I haven’t been to Aqua Park but I’d put the first blame on his parents… where on God’s earth were you when your child was in a pool without any inflatable floating gear?
…Very good point Ms. Hala.
Very good point Ms Hala. While there appears from the testimony to have been inadequate equipment, staff, and training at the Aqua Park, this is ultimately the parents responsibility. You should not accompany or send your children to any pool or waterpark with the intention of letting someone else monitor them. I was a lifeguard for over 20 years in my younger days. We routinely expelled children from our pool if they came without adequate supervision. Its not reasonable to expect other people to ensure your child’s safety.
Yes, that is usually the policy in most pools across the States. I think such a policy needs to be applied at Aqua Park as well. Lifeguards, medics and staff are paid to do their job, and babysitting one’s child is not one of them.
A policy in a lot of public pools across the world, not only in the United States, and with that being said, common sense from parents about whereabouts of their own children.
Agreed but was merely stating on the policies based on where I’m from. And yes, I see a lot of parents lack the basics when it comes to their children, makes me wonder why they even had them.
i blame both sides the victim and the auqa park. why he was without an adult and when he was drowning there was none to report to save his life. . i see here in Doha many kids play on the road on cycles and don’t even care and sometimes come in front of the car, bullying with the drives on the internal roads of the city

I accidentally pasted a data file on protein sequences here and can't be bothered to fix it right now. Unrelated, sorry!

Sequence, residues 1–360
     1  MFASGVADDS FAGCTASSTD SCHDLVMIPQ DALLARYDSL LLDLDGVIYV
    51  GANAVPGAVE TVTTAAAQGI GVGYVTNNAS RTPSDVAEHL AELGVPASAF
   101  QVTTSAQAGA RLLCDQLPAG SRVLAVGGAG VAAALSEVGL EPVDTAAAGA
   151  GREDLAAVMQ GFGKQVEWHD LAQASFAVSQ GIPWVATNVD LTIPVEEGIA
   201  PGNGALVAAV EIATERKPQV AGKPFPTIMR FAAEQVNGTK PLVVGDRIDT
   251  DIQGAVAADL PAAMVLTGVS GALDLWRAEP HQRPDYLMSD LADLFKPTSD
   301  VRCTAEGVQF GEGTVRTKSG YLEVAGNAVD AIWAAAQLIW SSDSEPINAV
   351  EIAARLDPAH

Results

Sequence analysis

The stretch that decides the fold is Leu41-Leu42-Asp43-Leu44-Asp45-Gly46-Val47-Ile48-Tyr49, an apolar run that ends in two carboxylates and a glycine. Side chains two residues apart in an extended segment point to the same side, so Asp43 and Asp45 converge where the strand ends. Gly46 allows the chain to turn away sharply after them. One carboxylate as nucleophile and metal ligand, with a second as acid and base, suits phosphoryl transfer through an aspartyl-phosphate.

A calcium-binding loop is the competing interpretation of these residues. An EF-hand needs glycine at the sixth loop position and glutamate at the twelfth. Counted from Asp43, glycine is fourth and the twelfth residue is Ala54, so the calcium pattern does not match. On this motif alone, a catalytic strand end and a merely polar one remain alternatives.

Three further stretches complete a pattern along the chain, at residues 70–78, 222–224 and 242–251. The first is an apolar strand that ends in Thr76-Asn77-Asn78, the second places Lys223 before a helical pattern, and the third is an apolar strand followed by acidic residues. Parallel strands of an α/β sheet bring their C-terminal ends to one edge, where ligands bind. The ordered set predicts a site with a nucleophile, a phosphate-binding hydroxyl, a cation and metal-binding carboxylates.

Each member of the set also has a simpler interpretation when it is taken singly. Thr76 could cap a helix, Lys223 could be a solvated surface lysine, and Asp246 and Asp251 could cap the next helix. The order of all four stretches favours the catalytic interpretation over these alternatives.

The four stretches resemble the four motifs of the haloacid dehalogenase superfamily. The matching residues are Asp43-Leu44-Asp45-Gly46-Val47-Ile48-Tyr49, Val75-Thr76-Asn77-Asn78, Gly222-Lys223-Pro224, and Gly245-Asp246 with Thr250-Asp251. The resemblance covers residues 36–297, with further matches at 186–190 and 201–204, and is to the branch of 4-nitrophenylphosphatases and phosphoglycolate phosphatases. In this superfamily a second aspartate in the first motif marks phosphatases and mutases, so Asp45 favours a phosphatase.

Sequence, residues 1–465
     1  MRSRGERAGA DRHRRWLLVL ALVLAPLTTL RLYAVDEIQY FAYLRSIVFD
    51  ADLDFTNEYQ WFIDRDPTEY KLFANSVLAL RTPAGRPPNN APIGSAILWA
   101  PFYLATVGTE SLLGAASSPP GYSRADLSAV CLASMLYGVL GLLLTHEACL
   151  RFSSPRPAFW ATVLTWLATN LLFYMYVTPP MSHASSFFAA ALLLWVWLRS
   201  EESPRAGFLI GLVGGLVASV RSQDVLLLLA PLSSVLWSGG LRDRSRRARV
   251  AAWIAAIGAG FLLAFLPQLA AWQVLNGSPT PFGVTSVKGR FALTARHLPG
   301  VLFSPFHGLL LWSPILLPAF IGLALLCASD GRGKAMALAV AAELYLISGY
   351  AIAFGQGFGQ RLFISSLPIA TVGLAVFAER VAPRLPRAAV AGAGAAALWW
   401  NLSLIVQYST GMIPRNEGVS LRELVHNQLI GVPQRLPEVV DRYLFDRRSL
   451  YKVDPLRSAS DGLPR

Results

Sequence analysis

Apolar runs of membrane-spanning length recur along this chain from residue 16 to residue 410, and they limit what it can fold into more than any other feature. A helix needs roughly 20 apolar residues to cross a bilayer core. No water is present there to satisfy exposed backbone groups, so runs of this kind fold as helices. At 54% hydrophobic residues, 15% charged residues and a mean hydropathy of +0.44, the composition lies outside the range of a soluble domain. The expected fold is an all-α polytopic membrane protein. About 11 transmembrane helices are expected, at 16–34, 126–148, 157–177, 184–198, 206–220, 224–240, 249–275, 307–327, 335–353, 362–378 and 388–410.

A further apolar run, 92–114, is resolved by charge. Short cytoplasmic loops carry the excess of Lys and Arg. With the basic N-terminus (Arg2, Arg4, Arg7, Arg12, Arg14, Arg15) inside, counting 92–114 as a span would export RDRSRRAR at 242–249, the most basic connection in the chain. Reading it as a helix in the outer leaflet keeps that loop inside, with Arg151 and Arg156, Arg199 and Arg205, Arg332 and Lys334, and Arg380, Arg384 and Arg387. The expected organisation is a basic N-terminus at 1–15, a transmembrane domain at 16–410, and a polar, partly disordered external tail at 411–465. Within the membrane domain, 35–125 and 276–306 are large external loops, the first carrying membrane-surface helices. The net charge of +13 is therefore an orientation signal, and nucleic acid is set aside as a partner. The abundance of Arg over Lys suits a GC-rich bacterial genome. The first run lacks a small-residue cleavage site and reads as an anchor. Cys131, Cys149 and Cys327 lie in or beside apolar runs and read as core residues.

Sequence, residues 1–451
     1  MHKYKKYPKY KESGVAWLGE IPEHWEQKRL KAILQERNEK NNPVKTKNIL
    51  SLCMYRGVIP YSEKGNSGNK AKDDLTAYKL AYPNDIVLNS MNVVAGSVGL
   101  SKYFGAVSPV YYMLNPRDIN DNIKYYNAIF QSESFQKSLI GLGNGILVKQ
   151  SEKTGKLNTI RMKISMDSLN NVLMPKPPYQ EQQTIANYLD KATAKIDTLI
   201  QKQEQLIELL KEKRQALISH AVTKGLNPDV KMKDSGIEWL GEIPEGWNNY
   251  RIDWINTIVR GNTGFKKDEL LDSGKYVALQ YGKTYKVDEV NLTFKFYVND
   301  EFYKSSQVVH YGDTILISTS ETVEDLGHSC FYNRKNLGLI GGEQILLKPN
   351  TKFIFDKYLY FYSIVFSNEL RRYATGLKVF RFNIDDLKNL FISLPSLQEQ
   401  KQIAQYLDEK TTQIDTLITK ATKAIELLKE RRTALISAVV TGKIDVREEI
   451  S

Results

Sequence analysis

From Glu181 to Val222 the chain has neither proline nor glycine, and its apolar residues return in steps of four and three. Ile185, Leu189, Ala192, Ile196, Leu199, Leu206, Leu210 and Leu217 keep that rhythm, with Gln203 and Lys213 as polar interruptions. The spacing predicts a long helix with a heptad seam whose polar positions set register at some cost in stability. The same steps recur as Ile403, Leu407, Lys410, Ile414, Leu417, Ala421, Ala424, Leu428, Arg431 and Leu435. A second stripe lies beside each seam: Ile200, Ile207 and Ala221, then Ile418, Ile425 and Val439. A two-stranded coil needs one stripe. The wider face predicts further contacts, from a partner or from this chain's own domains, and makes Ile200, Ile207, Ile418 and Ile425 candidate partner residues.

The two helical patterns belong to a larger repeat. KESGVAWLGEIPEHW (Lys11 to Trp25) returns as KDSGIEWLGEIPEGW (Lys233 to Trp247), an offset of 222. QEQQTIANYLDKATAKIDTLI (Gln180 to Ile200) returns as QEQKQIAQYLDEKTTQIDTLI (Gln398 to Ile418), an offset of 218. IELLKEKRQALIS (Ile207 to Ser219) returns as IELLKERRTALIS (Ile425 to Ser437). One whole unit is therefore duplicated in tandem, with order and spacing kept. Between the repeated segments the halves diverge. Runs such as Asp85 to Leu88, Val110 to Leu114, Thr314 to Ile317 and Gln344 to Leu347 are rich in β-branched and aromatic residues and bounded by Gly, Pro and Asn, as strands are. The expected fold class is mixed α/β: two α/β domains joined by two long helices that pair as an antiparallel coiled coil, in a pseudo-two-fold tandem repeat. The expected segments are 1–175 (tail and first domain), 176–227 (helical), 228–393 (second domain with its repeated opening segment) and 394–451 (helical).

Both sides – parents and the Aqua Park – may be culpable, but the whole incident would not have occurred had the parents;
1. Fitted the child with the supplied floatation devices.
2. Kept a close eye on their child that they know cannot swim or is not a strong swimmer.
3. Taken seriously that the duty of care for that child ultimately rests with them and taken the right steps to ensure that their child is protected from making bad/ dangerous choices – IE going into the pool in an area that is over their head.
4. Taught the child how to swim either themselves or through lessons before letting him go unsupervised in such dangerous place for a non-swimming child.
The guards should have been keeping an eye on things more closely, but none of this would have happened had the parents taken steps to prevent it.
The result is the sad loss of a young life, a devastated family and the parents, life guard and paramedic dragged through the Qatari court system. It’s such a waste!!
I am from Qatar , and you can build all the infrastructure and best attractions in the World , but without teaching people common sense and educating people your are only setting up a recipe for disaster!